With 2 young girls, it’s easy to see grand children in my future. I want to be fit and strong enough to to play with those grand kids. Lift them. Carry them. Swing them. And to do that, I need to minimise the natural decline in muscle loss as the body ages. I need to get strong before it’s too late. (Credit to Peter Attia for influencing this thinking)
It’s this kind of deeply personal why that gets you over the humps when you can’t be bothered. When I stray off course, I think of my girls. I think of my future Grandkids. I don’t want to let them down.
As cheesy as it sounds, it works. Try it. Take the time to find your why and focus on it until it sticks.
We know that most people give up on their resolutions early in the year. Many within the first month or two. So how do OKR’s fix this? Earlier, I talked about cascading. Here’s what I mean:
Once we set up an OKR for the year, we cascade it down in to shorter time frames.
We look at the quarter ahead and ask - “What needs to happen in the next 3 months to keep us on track for our 12-month KRs”. The annual Key Results, drive the Quarterly OKRs.
Using my fitness example, here’s what Q2, 2022 looked like -
Q2, 2022 Objective (April to June): Continue losing weight, without sacrificing strength (ie. weight-loss should come from fat loss)
If those 3 Key Results are achieved, I would be on track for the yearly OKR.
The final step in the process is to check-in. Regularly. I put 30-minutes aside every Friday - but it doesn’t need to take 30 mins or be as frequent as weekly. As long as it’s frequent enough so you can course-correct.
The review should answer one question: “Did my actions last week move me closer to my Quarterly Objective”. If yes - continue what you’re doing and be patient. If no - adjust your actions in the next week to re-align with your OKRs.
It’s this Review and Adjust process that keeps your short-term goals in constant focus. You’re always looking at them.
This is the difference between those failed NY Resolution attempts. Short term accountability, cascading from a longer term objective, is how we maintain focus on, and control over, our goals.
October 27, 2022, 9:15am was when I hit my goal and dead-hung for 67 seconds. I probably could have held for longer, but I think the weight of my smile became too heavy.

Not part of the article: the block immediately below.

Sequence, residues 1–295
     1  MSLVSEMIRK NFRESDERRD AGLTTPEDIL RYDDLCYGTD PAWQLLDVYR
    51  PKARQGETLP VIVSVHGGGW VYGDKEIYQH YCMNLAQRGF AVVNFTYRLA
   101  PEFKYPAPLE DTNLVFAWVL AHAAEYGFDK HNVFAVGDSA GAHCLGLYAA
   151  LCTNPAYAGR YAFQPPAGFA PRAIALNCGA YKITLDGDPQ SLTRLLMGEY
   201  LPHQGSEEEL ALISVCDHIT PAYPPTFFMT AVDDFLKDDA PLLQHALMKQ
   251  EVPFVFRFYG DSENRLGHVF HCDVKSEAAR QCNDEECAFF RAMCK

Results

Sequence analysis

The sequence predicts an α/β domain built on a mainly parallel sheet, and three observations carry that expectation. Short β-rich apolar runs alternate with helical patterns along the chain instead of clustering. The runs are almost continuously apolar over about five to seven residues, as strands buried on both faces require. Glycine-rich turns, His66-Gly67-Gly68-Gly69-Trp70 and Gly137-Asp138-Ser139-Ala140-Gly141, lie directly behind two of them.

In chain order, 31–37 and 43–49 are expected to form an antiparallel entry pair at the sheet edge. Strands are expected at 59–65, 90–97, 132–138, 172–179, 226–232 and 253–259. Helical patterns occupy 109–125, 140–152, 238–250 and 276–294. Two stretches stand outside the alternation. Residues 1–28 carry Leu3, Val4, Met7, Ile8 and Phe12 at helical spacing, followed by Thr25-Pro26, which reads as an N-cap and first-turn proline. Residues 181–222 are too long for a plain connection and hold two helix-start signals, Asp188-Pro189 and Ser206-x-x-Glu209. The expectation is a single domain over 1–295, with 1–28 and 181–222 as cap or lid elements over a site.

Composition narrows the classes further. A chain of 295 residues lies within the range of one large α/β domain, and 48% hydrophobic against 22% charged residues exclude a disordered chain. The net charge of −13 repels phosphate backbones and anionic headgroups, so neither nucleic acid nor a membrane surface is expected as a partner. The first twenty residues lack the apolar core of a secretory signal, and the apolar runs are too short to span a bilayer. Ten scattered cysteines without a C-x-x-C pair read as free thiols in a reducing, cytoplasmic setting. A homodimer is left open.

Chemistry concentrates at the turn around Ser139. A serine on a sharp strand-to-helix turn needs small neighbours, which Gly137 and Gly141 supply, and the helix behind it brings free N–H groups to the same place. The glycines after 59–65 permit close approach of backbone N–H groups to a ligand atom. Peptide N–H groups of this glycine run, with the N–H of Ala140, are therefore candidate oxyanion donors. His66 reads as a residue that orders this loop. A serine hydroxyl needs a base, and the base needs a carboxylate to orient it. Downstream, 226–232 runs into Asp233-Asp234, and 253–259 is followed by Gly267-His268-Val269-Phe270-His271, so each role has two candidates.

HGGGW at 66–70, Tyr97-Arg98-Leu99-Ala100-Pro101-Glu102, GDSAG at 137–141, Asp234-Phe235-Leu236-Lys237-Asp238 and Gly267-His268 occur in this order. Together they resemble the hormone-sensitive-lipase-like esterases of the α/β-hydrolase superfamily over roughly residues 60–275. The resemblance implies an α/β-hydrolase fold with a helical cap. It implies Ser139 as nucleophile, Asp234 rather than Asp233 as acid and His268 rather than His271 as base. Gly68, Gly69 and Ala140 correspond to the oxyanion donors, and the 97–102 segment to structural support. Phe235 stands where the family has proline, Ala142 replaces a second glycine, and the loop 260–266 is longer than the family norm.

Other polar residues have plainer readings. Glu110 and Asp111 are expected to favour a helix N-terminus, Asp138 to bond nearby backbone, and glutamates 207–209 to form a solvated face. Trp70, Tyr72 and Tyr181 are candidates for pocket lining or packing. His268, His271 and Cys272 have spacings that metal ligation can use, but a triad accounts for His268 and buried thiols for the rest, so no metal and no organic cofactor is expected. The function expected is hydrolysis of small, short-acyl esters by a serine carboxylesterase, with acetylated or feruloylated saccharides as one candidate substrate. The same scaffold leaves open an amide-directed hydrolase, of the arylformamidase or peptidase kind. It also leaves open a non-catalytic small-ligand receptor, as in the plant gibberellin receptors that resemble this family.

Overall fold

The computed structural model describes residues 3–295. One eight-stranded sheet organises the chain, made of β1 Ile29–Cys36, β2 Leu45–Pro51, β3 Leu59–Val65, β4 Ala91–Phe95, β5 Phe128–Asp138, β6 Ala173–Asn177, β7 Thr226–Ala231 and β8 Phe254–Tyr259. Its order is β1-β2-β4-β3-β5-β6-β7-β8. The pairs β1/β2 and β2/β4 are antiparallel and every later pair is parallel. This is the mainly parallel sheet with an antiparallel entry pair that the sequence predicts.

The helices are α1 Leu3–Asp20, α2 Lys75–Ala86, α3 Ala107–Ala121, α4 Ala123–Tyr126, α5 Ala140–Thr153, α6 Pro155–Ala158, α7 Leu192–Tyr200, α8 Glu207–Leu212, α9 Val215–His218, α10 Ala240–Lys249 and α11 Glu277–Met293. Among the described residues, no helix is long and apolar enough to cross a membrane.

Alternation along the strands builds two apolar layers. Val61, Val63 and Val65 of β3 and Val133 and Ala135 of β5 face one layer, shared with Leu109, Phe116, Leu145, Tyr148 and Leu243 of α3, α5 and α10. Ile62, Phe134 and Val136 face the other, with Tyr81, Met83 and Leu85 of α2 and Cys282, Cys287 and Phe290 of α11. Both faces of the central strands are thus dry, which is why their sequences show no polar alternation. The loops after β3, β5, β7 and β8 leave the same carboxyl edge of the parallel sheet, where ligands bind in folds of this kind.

And not just because I “achieved the goals”. Because being more intentional and sticking to a system, worked.
There’s no denying how good it feels to hit a long term fitness goal. But there’s a more important take-away - you’ve changed. The journey (process) has become more exciting than the destination (goal).
Once the dust settles and you reflect on it all, you start to see the bigger picture:
Your identity changes. You’re fitter. You’re healthier. You look and feel stronger than you did before. People recognise it, but more important than a short-lived ego boost from some attention - the person you wanted to become is no longer a dream. It's real.
James Clear talks about this idea a lot in his book Atomic Habits. One of his rules for forming better habits is to define your desired identity. Be clear about the person you want to be, then ask yourself “do my actions align with my desired identity”. When they do, all you need is time.
You realise willpower doesn’t work. It’s not willpower that gets you to your goals. It’s your systems and your rules. Instead of relying on willpower to stop you eating left over Christmas chocolate, get rid of it. You can't eat it if it's not there.
Action creates momentum and momentum creates results. Not willpower.
Embrace the Journey, not the Destination. Which is ultimately the most important lesson from all of this. When it comes to setting New Year’s Resolutions, using OKR’s is the best way I’ve found to achieve goals. But the goal is not the end point. It’s a sign-post on a longer journey.
Use and refine your OKRs to continue on the journey and embrace your new identity as one of the 9%.